United States Naval Academy - Lucky Bag Yearbook (Annapolis, MD)

 - Class of 1914

Page 1 of 442

 

United States Naval Academy - Lucky Bag Yearbook (Annapolis, MD) online yearbook collection, 1914 Edition, Cover
Cover



Page 6, 1914 Edition, United States Naval Academy - Lucky Bag Yearbook (Annapolis, MD) online yearbook collectionPage 7, 1914 Edition, United States Naval Academy - Lucky Bag Yearbook (Annapolis, MD) online yearbook collection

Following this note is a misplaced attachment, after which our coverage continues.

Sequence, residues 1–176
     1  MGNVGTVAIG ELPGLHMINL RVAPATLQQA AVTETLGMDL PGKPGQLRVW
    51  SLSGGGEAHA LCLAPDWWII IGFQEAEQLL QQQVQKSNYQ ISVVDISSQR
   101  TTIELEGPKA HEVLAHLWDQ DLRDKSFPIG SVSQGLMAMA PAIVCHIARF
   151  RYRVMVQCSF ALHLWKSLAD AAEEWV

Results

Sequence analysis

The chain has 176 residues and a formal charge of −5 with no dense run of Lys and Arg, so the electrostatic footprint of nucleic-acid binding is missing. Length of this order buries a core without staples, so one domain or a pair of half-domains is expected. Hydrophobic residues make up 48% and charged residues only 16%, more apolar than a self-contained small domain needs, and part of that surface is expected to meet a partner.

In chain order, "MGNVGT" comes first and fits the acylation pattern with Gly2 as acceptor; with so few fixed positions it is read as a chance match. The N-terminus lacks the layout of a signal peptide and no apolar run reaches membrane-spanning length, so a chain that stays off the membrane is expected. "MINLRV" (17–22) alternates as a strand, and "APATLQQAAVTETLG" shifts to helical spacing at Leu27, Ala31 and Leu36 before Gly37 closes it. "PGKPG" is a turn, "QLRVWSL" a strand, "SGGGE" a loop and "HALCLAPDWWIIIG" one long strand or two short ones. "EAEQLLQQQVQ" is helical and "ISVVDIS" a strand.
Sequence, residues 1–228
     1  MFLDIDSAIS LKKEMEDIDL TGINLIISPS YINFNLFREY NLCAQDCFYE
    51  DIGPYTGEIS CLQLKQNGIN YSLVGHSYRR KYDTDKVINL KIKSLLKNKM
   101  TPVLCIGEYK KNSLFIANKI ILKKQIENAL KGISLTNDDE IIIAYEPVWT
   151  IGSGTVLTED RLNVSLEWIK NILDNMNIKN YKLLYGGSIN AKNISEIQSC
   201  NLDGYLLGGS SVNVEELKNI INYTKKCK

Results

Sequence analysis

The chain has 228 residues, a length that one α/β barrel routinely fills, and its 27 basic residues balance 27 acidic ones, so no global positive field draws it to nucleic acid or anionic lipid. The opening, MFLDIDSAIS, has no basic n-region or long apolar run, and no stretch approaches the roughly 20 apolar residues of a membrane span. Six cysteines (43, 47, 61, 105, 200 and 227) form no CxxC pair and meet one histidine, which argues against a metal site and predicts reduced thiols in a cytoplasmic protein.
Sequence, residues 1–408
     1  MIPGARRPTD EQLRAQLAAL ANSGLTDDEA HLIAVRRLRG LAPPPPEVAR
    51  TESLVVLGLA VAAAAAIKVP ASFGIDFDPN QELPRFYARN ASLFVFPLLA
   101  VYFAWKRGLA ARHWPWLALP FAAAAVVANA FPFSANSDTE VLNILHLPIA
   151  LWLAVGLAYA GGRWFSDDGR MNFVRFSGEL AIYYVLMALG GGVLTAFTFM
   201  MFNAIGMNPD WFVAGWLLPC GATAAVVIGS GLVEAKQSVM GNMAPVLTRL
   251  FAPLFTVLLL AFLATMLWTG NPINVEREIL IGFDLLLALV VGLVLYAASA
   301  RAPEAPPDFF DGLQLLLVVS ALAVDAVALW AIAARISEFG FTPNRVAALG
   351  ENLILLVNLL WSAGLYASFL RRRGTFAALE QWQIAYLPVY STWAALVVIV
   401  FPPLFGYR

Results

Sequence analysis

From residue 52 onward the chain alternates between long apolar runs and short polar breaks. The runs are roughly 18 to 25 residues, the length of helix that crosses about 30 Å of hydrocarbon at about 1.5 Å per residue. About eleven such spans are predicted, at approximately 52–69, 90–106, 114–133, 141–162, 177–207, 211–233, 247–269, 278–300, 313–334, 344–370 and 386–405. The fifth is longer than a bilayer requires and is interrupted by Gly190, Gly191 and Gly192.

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Page 10, 1914 Edition, United States Naval Academy - Lucky Bag Yearbook (Annapolis, MD) online yearbook collectionPage 11, 1914 Edition, United States Naval Academy - Lucky Bag Yearbook (Annapolis, MD) online yearbook collection
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Page 14, 1914 Edition, United States Naval Academy - Lucky Bag Yearbook (Annapolis, MD) online yearbook collectionPage 15, 1914 Edition, United States Naval Academy - Lucky Bag Yearbook (Annapolis, MD) online yearbook collection
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Text from Pages 1 - 442 of the 1914 volume: